In this Scene Benedick bids Beatrice to come and see him and discuss the matter of love, although, Beatrice turns the conversation towards the matter of honor questioning Benedick over the outcome of his conversation with Claudio. In this extract Benedick and Beatrice have a passionate debate over which is more worthy of the other’s love. At first their is clear imbalance of power between Benedick and Beatrice yet the mutual banter between the characters seems to be regaining its spark.
Benedick’s first reaction to Beatrice’s entry is to complement her “sweet Beatrice”, yet he loses no time to assume his rôle as the leader in the couple using passive aggressivity to affirm his position “wouldst thou come when i called you?”. Beatrice emits a sharp and sarcastic response to communicate her disaccord agreeing: “yea, and depart when you bid me”. From the first lines of the encounter it is clear Beatrice is setting a distance between her and Benedick addressing him with the formal pronoun “you”, on the contrary Benedick seems to be loving and caring as he uses the pronoun “thou” therefore attempting to initiate a more personal discussion. Shakespeare uses the variation of pronouns to communicate both of the characters feelings, this use of language is comparable to the use formal and informal pronouns. Furthermore the discussion between Benedick and Beatrice seems to be steered by the female character, inversing the rôle of power. There is a clear imbalance between the amount said by each character, in this case Beatrice has the leading rôle as she is the one to talk most. a
Beatrice’s practical wit does not seem to be employed for humorous purposes but more to convey her feeling of anger and injustice, this is shown by her snappy response “foul breath is noisome, therefore i will depart”, in this scene we see the true anger felt by Beatrice regarding the injustice towards her cousin but also imposed on women. Beatrice takes on the rôle of power by influencing Benedick through affection, “unkissed”, he has for her, pushing her argument forwards. She demands to know what happened between Claudio and Benedick, bargaining her love in response. Once she is satisfied she is happy to restitute the rôle of power to Benedick as though a sign of respect, this is shown by Benedick taking the lead in the conversation “for which of my bad parts did you fall in love with me”. The restitution of power to Benedick creates a sense of balance allowing the conversation to fluctuate back towards the theme of love. The couple goes back to its initial playfull wit, flirting with one another over who fell in love with who and why.
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The theme of sufferance and negativity is very present throughout the extract, this is surprising as the conversation manly rotates around the subject of love. The repetition of the word “foul” lines 38-39-40, sets the tone of the conversation, the audience is deceived to anticipates an argument between the two characters. Furthermore suffering is explored through the theme of love. The characters “suffer love” for one another, this explores the inexplicability of their love for one another, reflecting their love hate relationship. The oxymoron of “suffering love” is also emphasised by Shakespeare’s choice to pair antonyms together: “heart” and “spite”, “hate” and “love”. This odd pairing of words reflects the odd pairing of Benedick and Beatrice as well as their relationship.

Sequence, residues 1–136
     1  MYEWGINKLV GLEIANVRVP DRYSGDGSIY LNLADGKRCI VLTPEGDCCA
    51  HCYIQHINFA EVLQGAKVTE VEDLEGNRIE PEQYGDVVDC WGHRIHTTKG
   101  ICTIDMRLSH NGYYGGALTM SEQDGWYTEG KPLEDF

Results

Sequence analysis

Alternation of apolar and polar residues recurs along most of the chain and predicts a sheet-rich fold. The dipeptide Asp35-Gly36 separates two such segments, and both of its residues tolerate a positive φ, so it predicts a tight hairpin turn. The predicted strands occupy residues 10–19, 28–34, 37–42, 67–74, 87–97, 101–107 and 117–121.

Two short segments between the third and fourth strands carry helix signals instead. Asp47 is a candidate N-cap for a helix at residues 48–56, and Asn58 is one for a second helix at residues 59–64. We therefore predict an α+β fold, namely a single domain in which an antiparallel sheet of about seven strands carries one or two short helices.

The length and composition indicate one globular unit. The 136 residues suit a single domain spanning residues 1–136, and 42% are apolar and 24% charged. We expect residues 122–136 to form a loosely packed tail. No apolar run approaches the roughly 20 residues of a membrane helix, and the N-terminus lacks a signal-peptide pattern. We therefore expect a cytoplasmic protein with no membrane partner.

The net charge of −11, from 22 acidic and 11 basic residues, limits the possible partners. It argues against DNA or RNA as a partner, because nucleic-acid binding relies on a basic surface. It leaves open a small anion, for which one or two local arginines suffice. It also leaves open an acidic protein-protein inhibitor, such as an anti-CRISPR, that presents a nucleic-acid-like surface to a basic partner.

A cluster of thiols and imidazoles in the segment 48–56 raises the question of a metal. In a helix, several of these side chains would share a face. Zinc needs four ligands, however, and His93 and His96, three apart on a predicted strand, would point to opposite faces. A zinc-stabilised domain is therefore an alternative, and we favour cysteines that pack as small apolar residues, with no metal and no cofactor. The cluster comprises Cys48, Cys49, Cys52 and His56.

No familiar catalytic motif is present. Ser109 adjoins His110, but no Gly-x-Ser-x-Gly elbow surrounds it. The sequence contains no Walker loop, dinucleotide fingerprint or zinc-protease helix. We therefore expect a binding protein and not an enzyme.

The use and rôle of words is specifically important in the last Act (compared to the plot), throughout the play words mark the limit and boundaries of the characters, there is only so much they can say and express. The characters thoughts and feelings are limited by words, trapped by words, this is shown through the poem that Bendedick had attempted to write but also gives way to most of the tension within the couple. In this extract parallels between violent battles, battles of wits, and the battle of sex (see the discussion between Margaret and Benedick) are extended here. For Benedick and Beatrice, the same way of speaking works for both flirting and fighting. The banter and disagreement between the two characters immediately becomes a conversation over how they fell in love with each other.
In this extract Shakespeare brings all the theme and emotions of the play together. Not only does Beatrice convey her anger against Claudio clearly but Benedicks loyalty towards Beatrice reflect his response. Both themes of love and suffering are explored through the characters as well as the never ending, always present sexual tension between the lovers. This extract appears to be a summary of the adventures of the two characters, therefore this is a key moment of the play as it seems to finalize the image and personality of the characters as well as the way the audience perceives them.
In conclusion, Shakespeare dedicates this extract to summarize the relationship between Benedick and Beatrice. This is done through summarizing the themes of the play and showing the couples true colors. The argument leading to a discussion over lover characterizes the relationship between the two strengthening and finalizing the audience’s perception of Beatrice and Benedick. This extract is therefore a key turning point for the two characters.